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'The Bigger You Are, The Harder You Fall'

When researchers have an article retracted, they face a further penalty in terms of decreased citations, and that penalty is larger for higher-profile researchers, Retraction Watch writes.

However, the penalty is not as large when a paper has been pulled for an honest error rather than for research misconduct, RW's Alison McCook adds.

"[E]minent scientists are more harshly penalized than their less-distinguished peers in the wake of a retraction, but only in cases involving fraud or misconduct," MIT's Pierre Azoulay at MIT and his colleagues write in their National Bureau of Economic Research working paper. "When the retraction event had [its] source in 'honest mistakes,' we find no evidence of differential stigma between high- and low-status faculty members."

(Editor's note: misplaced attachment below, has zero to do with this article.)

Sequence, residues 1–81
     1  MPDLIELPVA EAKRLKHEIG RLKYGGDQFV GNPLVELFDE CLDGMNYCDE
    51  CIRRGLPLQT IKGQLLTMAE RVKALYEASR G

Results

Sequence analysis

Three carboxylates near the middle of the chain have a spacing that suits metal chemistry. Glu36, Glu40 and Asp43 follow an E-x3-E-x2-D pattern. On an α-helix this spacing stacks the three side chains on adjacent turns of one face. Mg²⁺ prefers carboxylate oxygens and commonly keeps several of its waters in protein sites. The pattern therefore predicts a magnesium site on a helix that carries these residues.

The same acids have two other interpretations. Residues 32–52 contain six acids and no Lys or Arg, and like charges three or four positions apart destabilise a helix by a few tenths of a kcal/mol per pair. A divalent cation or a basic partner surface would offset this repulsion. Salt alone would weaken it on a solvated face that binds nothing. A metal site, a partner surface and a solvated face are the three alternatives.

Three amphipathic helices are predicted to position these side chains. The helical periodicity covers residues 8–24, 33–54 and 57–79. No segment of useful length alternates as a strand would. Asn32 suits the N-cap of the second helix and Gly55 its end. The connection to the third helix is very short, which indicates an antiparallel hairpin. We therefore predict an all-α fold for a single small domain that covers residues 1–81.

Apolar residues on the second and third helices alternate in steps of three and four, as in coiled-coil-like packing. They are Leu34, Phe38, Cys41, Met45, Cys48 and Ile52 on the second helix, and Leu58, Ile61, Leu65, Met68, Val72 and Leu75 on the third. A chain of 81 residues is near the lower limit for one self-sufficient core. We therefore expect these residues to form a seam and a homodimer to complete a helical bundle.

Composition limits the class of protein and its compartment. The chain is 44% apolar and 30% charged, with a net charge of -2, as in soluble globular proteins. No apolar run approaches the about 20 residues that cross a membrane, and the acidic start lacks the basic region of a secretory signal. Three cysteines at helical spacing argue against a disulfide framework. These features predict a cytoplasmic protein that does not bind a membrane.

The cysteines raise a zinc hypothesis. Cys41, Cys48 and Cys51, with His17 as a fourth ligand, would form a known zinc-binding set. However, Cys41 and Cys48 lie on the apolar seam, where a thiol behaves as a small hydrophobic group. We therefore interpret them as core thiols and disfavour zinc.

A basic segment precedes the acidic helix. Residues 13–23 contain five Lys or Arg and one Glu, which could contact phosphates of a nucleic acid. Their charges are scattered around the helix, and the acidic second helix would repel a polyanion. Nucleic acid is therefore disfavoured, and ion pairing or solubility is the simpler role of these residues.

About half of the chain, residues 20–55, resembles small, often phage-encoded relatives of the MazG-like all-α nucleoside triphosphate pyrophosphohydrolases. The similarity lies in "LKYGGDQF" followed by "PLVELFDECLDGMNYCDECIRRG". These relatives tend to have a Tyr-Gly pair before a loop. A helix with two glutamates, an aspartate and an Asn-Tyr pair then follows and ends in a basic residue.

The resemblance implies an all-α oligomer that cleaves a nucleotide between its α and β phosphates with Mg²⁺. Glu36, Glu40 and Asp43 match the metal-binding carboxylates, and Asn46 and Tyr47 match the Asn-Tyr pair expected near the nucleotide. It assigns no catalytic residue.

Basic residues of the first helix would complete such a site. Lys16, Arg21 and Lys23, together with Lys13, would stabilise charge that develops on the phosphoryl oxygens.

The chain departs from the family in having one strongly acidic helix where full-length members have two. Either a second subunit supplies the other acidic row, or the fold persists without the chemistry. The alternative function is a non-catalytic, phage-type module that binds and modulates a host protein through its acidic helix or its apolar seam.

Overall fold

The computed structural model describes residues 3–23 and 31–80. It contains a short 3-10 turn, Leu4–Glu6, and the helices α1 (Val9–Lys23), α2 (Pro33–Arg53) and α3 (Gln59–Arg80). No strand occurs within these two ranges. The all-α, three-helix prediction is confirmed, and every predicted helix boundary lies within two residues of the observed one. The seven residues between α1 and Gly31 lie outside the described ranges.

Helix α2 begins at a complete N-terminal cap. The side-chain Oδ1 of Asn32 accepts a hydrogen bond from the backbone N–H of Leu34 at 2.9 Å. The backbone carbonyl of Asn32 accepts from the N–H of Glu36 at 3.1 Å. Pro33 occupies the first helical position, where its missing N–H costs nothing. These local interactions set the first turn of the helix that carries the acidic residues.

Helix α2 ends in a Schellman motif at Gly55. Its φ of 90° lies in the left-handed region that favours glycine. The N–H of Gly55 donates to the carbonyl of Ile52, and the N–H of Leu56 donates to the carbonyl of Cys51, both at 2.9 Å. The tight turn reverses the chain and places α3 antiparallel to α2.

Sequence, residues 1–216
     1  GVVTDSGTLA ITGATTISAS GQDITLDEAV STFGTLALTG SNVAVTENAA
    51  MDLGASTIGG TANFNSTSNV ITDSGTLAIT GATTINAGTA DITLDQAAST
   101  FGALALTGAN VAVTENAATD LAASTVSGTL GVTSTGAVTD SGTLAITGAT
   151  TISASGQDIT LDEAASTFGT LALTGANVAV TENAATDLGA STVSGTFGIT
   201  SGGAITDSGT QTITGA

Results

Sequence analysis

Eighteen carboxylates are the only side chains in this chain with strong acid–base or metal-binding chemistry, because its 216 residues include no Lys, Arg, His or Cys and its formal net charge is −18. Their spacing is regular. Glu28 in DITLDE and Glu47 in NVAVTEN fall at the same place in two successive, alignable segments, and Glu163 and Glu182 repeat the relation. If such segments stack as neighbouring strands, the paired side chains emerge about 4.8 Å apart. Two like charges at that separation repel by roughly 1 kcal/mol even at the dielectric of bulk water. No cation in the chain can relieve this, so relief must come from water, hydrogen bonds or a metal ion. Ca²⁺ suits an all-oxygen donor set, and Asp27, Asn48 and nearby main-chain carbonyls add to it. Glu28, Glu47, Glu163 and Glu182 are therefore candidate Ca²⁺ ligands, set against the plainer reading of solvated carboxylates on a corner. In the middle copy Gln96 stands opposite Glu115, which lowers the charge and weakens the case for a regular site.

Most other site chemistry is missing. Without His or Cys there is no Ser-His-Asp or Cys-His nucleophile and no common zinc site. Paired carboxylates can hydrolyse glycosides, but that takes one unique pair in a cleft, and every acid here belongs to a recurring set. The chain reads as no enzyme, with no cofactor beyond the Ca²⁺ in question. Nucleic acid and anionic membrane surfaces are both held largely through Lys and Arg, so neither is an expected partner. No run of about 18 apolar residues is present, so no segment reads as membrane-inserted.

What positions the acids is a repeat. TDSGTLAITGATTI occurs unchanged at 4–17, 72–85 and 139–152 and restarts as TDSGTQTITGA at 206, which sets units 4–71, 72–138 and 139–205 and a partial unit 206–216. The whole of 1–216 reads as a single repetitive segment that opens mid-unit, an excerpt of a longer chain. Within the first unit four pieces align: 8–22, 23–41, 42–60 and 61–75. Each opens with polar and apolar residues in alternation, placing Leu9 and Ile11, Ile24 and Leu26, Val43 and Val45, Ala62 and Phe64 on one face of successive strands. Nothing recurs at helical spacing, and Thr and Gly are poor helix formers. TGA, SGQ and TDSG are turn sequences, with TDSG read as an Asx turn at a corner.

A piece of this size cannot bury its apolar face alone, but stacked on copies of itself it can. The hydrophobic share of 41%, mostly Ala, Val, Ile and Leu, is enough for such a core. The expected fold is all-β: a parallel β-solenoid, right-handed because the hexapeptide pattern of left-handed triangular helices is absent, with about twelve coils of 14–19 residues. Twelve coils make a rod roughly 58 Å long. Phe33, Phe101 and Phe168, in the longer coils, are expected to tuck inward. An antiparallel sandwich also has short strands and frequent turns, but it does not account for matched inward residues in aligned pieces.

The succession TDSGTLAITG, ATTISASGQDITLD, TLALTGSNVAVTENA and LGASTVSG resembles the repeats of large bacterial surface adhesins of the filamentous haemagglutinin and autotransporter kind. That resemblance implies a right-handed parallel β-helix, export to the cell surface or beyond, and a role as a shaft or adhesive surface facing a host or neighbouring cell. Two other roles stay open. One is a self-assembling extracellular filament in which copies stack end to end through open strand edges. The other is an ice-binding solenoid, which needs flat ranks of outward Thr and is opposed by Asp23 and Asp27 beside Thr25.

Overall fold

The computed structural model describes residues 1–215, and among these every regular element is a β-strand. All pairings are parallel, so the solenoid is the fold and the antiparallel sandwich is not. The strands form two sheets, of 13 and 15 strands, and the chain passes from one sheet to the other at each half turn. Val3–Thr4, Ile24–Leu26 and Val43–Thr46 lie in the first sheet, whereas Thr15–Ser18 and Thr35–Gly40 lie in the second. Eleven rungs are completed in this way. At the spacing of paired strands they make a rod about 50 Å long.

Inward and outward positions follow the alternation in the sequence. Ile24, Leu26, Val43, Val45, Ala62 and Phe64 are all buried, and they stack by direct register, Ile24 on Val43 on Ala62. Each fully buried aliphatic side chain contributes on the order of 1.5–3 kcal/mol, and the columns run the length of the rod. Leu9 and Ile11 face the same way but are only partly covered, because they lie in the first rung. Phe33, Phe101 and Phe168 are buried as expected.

McCook notes that other studies have shown that scientists can be forgiving of mistakes, especially when the researchers themselves retract their flawed papers.

Benjamin Jones, who in 2013 reported that investigators retracting their own work face no citation penalty, tells McCook that, all together, this suggests "[e]minence is protective when there is uncertainty."

"The community appears to give the eminent author the benefit of the doubt, with blame accruing toward less established coauthors," he adds. "But when fraud is systematic, and there is little doubt across numerous papers who is to blame, the eminent can be severely penalized. In that case, the bigger you are, the harder you fall."